May 26, 2009
UN faces fierce clash over call for Sri Lanka war crimes inquiry
Sri Lanka is to clash with Western powers at the United Nations Human Rights Council today in an effort to ward off any investigation into alleged war crimes committed during its military offensive against the Tamil Tigers. The country has marshalled a team of powerful allies led by China, Russia and India to fight off a European-backed resolution at today’s special session on Sri Lanka calling for an inquiry into abuses on both sides of the conflict.
Observers at yesterday’s preliminary meeting in Geneva, which was described as acrimonious, said that the 47-member Council was divided over the European resolution, with 18 countries for and 18 against. The other nine are undecided. The division sets the stage for a session today that will test the very purpose of the Human Rights Council. Israel, which had an investigation into its Gaza offensive forced on to it by the Council, is furious at the prospect of Sri Lanka escaping the same fate.
Horror of war in Sri Lanka's 'no-fire zone'
200,000 Tamil civilians imprisoned in camp
The European resolution that Sri Lanka is aiming to defeat has already drawn the ire of human rights groups for failing to push for an international war crimes inquiry. It calls on the Sri Lanka Government to conduct its own investigation into breaches of international law and allow unfettered access to camps where more than 200,000 displaced Tamil civilians are detained.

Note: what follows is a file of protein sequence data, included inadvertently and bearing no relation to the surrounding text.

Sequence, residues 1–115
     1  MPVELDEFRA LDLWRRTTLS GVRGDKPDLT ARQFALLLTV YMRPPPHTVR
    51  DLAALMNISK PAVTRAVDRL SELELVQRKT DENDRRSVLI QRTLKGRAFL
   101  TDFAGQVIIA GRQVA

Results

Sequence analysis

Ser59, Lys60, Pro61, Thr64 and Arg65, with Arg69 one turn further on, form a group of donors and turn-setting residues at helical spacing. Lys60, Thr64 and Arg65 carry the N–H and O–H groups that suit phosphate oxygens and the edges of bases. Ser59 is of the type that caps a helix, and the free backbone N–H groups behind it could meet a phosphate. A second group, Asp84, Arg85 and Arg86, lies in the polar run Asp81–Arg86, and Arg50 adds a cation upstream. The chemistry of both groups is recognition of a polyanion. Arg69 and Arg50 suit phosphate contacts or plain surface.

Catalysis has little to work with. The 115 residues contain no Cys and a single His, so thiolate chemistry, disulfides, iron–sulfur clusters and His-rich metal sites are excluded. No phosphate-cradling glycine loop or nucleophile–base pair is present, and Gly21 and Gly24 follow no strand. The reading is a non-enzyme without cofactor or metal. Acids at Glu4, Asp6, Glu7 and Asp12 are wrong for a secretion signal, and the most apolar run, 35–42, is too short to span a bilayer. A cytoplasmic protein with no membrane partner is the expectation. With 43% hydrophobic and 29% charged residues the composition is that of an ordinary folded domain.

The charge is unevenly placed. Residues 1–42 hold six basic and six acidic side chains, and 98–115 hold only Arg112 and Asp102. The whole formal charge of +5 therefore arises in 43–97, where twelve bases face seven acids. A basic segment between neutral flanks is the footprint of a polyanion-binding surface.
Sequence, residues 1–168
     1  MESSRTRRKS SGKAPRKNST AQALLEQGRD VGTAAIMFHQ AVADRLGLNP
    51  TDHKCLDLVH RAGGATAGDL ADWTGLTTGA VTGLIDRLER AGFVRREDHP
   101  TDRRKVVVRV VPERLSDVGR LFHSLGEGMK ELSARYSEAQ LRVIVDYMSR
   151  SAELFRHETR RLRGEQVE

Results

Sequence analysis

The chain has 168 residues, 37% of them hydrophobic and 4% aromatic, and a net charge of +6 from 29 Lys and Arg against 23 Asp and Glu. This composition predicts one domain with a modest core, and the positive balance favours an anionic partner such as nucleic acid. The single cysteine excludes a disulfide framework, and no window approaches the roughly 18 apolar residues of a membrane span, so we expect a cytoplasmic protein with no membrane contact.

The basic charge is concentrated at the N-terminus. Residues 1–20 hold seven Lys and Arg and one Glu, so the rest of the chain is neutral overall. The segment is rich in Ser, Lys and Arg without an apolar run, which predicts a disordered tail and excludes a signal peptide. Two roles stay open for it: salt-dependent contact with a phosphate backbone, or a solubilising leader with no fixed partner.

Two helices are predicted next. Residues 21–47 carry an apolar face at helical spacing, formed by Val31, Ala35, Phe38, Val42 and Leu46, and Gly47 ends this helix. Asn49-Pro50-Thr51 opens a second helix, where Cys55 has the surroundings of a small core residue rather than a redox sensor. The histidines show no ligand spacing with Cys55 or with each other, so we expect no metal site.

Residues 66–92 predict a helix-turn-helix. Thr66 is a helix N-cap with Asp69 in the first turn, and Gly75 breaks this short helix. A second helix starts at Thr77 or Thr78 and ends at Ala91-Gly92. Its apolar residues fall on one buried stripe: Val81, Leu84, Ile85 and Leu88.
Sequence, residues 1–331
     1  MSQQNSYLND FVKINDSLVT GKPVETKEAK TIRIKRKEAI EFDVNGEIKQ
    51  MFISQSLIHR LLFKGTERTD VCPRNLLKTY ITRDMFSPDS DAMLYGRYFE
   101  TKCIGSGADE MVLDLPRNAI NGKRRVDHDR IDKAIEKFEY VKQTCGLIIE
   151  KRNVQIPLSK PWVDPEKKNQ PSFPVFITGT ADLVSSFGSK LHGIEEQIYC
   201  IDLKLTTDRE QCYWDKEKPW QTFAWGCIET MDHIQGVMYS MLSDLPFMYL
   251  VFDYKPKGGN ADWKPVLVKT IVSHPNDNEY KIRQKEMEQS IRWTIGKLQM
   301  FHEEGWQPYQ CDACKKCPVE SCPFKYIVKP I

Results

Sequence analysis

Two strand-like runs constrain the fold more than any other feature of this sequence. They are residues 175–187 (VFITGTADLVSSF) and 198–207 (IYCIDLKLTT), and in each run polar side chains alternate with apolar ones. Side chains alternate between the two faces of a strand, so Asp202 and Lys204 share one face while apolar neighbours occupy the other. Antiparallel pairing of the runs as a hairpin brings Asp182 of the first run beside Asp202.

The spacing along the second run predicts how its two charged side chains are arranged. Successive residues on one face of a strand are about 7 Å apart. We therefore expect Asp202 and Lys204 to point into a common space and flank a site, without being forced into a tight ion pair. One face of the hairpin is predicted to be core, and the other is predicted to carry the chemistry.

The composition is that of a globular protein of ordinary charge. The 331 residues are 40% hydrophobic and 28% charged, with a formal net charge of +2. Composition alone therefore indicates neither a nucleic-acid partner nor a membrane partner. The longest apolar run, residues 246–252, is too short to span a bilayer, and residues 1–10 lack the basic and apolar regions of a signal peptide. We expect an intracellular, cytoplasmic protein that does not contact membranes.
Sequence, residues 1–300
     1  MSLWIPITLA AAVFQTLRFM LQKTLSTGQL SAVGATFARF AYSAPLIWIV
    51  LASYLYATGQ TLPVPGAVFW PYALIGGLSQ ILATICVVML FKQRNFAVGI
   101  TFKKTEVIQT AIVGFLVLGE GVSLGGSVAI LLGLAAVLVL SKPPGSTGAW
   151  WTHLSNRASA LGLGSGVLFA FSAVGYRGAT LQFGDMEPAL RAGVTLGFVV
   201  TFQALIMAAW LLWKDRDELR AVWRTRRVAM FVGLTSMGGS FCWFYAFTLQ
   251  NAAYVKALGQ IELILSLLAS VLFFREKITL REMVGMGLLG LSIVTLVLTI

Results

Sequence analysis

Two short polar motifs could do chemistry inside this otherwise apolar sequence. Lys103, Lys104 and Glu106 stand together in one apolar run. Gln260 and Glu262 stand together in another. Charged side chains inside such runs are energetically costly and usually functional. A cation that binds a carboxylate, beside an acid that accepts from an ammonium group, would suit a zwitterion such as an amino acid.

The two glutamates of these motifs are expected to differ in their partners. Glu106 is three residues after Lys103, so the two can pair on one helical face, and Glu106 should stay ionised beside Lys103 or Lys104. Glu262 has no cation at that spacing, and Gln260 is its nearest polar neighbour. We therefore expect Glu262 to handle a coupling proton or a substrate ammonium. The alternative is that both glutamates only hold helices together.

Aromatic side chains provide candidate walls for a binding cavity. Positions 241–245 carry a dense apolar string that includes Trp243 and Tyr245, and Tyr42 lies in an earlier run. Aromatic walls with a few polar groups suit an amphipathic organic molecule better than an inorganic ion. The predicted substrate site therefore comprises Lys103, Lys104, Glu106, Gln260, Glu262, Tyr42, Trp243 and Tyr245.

Sri Lanka has submitted a counter-resolution, sponsored by at least 14 allies, in which it praises its own Government for liberating civilians and urges the international community to offer it more financial assistance. The two competing agendas clashed in the preliminary meeting when an Asian bloc led by India, Pakistan and Malaysia argued for today’s special session to be abandoned altogether. India, China and Egypt walked out of the meeting after this was refused.
Sri Lanka goes into today’s meeting backed by powerful new allies such as China, which provided much of the military hardware for the final offensive that defeated the Tamil Tigers last week after a 25-year war. The Tigers formally acknowledged yesterday that their leader, Vellupillai Prabhakaran, was among the dead.
Several undecided countries, including Chile and Mexico, are pressing for a compromise resolution incorporating elements of both drafts. Whichever resolution makes it to a vote must be passed by a simple majority. Unlike on the UN Security Council, no country can veto a resolution. Observers said that the outcome was “still in play”, due in part, to the lack of independent assessments about the situation in Sri Lanka.
The Government’s decision to ban all journalists, aid workers and other independent observers from the conflict zone and restrict access to the camps where displaced Tamil civilians have been detained has meant that information about what happened has been slow to emerge. The Times was among the first small group of journalists to see the “no-fire zone” on Saturday while accompanying Ban Ki Moon, the UN Secretary-General, on a helicopter flight. Afterwards Mr Ban said that the sight was the most appalling scene he had come across in his long international career.